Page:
Combretum

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"Schousboea" redirects here. As described by H.C.F. Schumacher and Peter Thonning, this is a synonym of Alchornea.

Combretum
Combretum collinum Bild0860.jpg
Combretum collinum with fruit
Scientific classification edit
Kingdom: Plantae
Clade: Angiosperms
Clade: Eudicots
Clade: Rosids
Order: Myrtales
Family: Combretaceae
Genus: Combretum
Loefl.
Species

About 370, see text

Synonyms

Aetia Adans.
Bureava Baill.
Cacoucia Aubl.
Calopyxis Tul.
Campylochiton Welw. ex Hiern
Chrysostachys Pohl
Cristaria Sonn.
Embryogonia Blume
Forsgardia Vell.
Gonocarpus Ham. (non Thunb.: preoccupied)
Grislea L.
Hambergera Scop.
Physopodium Desv.
Poivrea Comm. ex Thouars
Schousboea Willd.
Seguiera Rchb. ex Oliv.
Sheadendron G.Bertol.

Combretum, the bushwillows or combretums, make up the type genus of the family Combretaceae. The genus comprises about 370 species of trees and shrubs, roughly 300 of which are native to tropical and southern Africa, about 5 to Madagascar, some 25 to tropical Asia and approximately 40 to tropical America. The genus is absent from Australia. Though somewhat reminiscent of willows (Salix) in their habitus, they are not particularly close relatives of these.

Ecology[edit]

Bushwillow trees often are important plants in their habitat. Savannahs in Africa, in particular those growing on granitic soils, are often dominated by Combretum and its close relative Terminalia. For example, C. apiculatum is a notable tree in the Angolan mopane woodlands ecoregion in the Kunene River basin in southern Africa.[1]

Other species of this genus are a major component of Southwestern Amazonian moist forests. This genus contains several species that are pollinated by mammals other than bats, which is quite rare indeed.[2] But most species are more conventionally pollinated by insects or birds.[citation needed]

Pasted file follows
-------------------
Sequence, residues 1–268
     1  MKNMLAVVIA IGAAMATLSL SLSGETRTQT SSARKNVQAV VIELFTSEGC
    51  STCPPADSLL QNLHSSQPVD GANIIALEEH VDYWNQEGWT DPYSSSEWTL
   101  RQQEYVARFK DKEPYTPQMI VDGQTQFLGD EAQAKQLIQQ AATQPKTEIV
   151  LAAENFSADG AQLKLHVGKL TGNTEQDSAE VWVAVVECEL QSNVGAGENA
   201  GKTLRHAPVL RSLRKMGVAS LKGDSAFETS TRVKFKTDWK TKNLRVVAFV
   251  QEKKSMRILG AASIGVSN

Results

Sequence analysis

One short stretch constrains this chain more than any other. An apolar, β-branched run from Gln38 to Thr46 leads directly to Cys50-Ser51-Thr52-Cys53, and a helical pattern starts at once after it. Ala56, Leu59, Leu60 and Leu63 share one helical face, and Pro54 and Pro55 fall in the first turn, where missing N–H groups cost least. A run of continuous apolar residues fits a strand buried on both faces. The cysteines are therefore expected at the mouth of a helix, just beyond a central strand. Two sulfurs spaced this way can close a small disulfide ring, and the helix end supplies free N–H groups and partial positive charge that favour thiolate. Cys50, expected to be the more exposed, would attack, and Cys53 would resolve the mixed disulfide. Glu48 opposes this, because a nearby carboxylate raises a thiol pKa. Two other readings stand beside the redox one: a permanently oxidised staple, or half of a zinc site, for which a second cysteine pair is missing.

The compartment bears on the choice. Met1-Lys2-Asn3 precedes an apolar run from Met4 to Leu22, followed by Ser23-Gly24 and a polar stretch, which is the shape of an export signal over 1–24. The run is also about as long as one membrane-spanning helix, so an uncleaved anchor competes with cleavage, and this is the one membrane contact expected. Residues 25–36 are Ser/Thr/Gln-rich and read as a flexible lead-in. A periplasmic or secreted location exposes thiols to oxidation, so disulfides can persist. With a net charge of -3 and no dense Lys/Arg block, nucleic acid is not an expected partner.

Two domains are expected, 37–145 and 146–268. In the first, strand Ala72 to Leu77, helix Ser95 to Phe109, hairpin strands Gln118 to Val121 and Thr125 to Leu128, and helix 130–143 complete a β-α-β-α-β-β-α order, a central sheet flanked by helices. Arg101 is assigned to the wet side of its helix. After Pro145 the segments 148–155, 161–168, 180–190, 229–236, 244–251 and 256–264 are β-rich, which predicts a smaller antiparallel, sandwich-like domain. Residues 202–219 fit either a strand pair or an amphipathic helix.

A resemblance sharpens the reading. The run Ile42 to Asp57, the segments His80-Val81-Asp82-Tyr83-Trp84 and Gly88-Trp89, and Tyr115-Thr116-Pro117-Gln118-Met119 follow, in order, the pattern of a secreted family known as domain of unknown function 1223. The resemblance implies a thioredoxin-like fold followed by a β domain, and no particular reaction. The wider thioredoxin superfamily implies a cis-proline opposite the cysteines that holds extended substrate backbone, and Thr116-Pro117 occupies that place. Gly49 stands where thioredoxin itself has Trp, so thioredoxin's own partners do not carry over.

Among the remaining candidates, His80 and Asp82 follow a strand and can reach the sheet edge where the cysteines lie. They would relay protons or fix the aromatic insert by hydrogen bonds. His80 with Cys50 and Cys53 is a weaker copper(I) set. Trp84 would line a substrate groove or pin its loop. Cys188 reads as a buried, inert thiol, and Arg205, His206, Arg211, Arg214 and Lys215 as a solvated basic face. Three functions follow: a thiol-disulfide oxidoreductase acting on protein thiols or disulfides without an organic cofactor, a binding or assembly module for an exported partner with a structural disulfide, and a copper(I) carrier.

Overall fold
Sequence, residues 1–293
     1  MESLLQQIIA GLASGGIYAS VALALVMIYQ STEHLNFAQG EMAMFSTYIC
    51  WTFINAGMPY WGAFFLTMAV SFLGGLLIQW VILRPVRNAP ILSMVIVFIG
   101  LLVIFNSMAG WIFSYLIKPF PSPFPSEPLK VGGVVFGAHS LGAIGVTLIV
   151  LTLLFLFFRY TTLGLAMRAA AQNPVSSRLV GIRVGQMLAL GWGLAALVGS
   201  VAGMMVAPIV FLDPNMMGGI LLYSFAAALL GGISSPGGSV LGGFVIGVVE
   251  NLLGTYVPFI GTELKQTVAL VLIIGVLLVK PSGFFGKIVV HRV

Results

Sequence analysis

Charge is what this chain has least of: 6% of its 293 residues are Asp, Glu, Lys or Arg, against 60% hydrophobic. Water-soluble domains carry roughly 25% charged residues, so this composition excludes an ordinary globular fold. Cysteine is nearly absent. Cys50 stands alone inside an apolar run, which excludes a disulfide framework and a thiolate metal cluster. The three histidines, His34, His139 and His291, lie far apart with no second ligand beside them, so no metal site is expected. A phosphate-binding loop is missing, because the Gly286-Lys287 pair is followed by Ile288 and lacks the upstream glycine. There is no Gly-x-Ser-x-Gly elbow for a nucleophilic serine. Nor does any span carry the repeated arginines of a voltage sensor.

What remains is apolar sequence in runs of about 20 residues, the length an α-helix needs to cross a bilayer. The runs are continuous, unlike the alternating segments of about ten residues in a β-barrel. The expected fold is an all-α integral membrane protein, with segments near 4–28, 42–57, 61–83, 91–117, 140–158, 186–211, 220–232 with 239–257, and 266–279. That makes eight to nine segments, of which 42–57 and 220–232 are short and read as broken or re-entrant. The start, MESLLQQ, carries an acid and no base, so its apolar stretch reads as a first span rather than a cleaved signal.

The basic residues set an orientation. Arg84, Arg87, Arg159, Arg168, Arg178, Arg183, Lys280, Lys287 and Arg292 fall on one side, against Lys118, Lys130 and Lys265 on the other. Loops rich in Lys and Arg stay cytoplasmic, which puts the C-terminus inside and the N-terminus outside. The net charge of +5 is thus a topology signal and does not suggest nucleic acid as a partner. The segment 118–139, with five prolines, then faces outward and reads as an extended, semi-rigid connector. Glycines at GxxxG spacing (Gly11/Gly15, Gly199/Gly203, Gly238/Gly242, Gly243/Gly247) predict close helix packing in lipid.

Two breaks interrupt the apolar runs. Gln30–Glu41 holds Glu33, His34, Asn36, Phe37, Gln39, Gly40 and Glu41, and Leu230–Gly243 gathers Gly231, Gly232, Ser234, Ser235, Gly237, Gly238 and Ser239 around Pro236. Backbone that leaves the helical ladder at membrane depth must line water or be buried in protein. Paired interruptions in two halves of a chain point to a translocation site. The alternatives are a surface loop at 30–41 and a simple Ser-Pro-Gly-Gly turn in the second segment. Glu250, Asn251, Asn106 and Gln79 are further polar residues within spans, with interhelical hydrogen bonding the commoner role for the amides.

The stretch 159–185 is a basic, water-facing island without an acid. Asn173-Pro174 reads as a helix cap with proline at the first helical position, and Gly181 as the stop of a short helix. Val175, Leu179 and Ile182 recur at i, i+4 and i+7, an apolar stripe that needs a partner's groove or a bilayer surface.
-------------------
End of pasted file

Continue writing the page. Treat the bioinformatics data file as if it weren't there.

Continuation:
Typhlodromus combretum, a mite of the family Phytoseiidae, was discovered on a bushwillow plant and is named after this genus. Other herbivores that eat Combretum foliage include the caterpillars of the Brown Awl (Badamia exclamationis) which is found on C. albidum, C. latifolium and C. ovalifolium; those of the Orange-tailed Awl (Bibasis sena) are recorded from C. extensum and C. latifolium.[citation needed]

Use by humans[edit]

Combretum acutum - MHNT

Several species are used in African or Indian herbal medicine.[citation needed] The class of chemical compounds known as combretastatins were first isolated from South African Bushwillow (Combretum caffrum), from which they get their name. One synthetic derivative, fosbretabulin disodium (combretastatin A4 phosphate), underwent preliminary study for the treatment of anaplastic thyroid cancer,[3] but it was not effective enough to progress to more advanced trials. C. molle is also recorded to contain antioxidants such as punicalagin,[citation needed] which is also found in pomegranates (Punica granatum), a somewhat related plant.

The botanist George Don studied this genus extensively. The Luvuvhu River in southern Africa was named after the river's bushwillows (C. erythrophyllum), locally known as muvuvhu.

Selected species[edit]

References[edit]

  1. ^ C.Michael Hogan. 2012. Kunene River. Topic ed. P.Saundry. Encyclopedia of Earth. National Council for Science and the Environment. Washington DC.
  2. ^ Carthew, S (1997). "Non-flying mammals as pollinators". Trends in Ecology & Evolution. 12 (3): 104–108. doi:10.1016/S0169-5347(96)10067-7. ISSN 0169-5347.
  3. ^ "Combretastatin A4 However there is the possibility that a modified version of an isomer of aombretastatin-A4 can be rendered effective. After replacing adjacent carbon atoms with nitrogen atoms, using blue light, the isomer can be switched to a form that attacks microtubules of cancer cells. So far this has been tested in vitro with breast cancer cells. Phosphate in Treating Patients With Advanced Anaplastic Thyroid Cancer". clinicaltrials.gov.

External links[edit]